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MILS Case Study: What is a payment in lieu of notice?Back

MILSLogo2“If I terminate an employee (or they resign) and I want to make a payment in lieu of notice instead of them working their notice period, do I still record their last working day as the date at the end of the one month notice period?”

No, it is a bit of a common myth that the effective date of termination (i.e. last working day with the company) still falls at the end of what would have been the notice period where a payment in lieu of notice (PILON) is made.

A PILON is effectively “instead of” the employee working their notice period.  This means therefore that you are cutting all employment ties with them on their last working day and whatever their notice period is (be it through dismissal or resignation), it is paid as a lump sum payment in their final salary.


Put in practice therefore if an employee resigns on 1st May 2016, they have a one month notice period and therefore if they were required to work their notice their effective day of termination and last working day would be 31st May 2016.  Both parties agree it is not in either of their interests for the employee to work and therefore as there is provision for a PILON in the employee’s contract, the employee will stop working on 1st May itself.  The one month’s salary is still payable and is paid in the company’s May payroll however, the employee’s effective date of termination is 1st May 2016 because the PILON acts to remove what would have been the notice period.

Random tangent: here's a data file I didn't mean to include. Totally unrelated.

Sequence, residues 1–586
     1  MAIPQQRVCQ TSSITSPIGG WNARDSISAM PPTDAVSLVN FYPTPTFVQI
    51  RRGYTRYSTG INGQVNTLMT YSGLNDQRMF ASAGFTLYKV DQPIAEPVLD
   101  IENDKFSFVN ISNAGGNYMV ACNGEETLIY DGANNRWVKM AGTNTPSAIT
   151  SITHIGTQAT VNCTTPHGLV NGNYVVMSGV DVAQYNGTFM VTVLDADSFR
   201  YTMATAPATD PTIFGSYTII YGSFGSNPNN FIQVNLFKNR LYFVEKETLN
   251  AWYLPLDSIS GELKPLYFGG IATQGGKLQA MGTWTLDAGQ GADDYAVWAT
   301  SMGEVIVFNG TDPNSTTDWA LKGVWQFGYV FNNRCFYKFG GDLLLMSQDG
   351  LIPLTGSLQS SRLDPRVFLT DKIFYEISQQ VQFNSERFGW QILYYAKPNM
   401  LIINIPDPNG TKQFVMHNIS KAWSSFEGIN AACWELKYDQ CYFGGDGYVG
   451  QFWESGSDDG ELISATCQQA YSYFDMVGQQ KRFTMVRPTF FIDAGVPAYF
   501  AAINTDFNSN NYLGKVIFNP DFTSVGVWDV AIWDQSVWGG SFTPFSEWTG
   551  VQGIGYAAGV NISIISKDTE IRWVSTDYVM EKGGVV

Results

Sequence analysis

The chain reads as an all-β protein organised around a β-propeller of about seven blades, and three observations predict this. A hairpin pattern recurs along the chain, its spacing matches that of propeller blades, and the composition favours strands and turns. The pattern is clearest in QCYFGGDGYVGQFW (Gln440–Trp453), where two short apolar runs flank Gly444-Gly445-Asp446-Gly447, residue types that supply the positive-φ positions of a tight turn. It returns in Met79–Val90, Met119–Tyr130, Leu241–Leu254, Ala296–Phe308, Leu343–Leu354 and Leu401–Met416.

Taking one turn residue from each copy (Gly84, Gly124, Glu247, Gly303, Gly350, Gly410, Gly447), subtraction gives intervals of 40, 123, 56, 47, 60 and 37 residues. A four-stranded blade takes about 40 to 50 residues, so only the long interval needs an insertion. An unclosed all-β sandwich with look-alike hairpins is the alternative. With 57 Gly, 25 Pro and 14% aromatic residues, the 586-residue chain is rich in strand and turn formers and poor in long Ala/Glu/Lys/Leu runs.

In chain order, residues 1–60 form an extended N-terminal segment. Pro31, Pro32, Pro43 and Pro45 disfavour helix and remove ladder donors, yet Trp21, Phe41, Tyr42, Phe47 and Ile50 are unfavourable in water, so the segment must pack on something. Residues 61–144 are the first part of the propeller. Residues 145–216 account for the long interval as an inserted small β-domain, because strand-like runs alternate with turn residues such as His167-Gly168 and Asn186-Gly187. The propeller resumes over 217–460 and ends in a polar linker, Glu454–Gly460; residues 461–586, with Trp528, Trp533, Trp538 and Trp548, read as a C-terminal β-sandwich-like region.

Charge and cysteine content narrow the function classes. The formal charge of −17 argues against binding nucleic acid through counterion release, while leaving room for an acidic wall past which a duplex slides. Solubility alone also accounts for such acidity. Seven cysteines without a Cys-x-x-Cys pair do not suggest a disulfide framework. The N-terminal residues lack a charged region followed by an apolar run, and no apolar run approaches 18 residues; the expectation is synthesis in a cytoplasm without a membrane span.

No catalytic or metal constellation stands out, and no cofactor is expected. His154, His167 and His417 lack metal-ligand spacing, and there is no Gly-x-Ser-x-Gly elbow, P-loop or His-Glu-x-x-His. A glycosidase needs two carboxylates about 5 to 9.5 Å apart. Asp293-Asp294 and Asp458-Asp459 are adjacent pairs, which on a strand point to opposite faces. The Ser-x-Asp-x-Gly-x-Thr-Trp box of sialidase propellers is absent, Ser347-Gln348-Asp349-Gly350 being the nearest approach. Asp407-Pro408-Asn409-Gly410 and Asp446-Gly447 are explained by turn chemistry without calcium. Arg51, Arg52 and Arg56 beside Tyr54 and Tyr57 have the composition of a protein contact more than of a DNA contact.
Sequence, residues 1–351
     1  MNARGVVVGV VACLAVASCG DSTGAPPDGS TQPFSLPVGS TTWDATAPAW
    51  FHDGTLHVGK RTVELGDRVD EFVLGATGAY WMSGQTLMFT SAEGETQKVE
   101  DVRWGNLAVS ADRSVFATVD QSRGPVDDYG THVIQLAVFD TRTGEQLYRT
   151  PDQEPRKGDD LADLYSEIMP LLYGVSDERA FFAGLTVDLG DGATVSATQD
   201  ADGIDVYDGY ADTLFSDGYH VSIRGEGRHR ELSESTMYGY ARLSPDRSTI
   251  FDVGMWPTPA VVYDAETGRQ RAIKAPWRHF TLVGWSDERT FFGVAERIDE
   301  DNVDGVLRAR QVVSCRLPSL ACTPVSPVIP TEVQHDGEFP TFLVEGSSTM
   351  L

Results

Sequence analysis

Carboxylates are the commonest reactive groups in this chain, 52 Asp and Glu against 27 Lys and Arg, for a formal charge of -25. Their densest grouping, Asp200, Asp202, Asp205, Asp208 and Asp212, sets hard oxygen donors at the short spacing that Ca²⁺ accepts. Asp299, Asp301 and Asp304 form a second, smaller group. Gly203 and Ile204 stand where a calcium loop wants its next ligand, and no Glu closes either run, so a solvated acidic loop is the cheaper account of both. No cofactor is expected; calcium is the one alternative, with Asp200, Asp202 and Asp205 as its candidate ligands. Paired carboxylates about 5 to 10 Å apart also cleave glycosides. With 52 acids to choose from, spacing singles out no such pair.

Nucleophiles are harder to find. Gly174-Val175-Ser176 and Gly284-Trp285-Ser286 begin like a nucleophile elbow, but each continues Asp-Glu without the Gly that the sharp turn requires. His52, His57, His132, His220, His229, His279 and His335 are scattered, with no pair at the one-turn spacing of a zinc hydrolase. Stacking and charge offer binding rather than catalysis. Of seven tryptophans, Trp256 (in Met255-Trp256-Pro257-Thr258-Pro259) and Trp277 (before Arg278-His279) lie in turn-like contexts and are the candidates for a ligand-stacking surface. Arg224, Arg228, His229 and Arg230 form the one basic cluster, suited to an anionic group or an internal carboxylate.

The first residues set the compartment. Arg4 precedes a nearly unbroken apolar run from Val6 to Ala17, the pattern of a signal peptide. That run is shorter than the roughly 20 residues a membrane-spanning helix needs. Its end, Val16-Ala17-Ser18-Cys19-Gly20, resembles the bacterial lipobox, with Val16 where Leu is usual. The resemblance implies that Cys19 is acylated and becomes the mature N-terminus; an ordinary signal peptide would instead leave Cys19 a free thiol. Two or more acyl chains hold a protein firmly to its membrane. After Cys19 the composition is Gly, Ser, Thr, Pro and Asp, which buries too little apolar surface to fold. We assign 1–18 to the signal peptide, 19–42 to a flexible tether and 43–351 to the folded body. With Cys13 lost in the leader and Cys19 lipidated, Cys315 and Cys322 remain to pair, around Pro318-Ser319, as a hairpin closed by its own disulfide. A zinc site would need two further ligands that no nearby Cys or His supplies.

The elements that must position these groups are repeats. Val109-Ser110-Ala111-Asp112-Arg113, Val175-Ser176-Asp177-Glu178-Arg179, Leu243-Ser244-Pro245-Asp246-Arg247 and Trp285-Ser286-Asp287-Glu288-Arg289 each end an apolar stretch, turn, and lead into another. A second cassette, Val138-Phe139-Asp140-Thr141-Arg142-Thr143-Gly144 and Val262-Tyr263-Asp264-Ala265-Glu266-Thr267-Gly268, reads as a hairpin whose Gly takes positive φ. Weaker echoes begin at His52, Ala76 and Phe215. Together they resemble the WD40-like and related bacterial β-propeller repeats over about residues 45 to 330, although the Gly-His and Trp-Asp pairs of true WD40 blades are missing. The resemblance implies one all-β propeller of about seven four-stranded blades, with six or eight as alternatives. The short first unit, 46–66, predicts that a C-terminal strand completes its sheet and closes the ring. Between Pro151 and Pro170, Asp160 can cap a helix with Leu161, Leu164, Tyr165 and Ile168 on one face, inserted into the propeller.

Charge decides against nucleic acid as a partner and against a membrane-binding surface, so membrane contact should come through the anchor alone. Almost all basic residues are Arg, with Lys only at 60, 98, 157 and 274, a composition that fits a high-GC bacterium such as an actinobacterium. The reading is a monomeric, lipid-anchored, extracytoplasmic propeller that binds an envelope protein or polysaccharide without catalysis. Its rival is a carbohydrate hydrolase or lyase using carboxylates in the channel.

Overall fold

It can also work part way through a notice period.  Therefore if an employee had served notice to resign on 1st May but the employer only needed them for a couple of weeks they could, for example, stop working on say Friday 13th May and the remainder of their notice period i.e. 2.5 weeks approximately, would be the PILON.  In this scenario therefore the effective date of termination would be Friday 13th May because it is the last day they are physically attending work and the remaining notice is paid instead of it being worked.


NB this is not the same scenario where an employee is placed on garden leave.  Garden leaves seeks to continue the contract of employment albeit the employee is effectively suspended from their duties and stays at home for the duration of their notice period.


If in doubt when seeking to exercise a PILON clause, please contact the MILS employment team.


Andrew Macmillan,


Motor Industry Legal Services

Posted by Sue Robinson on 22/07/2016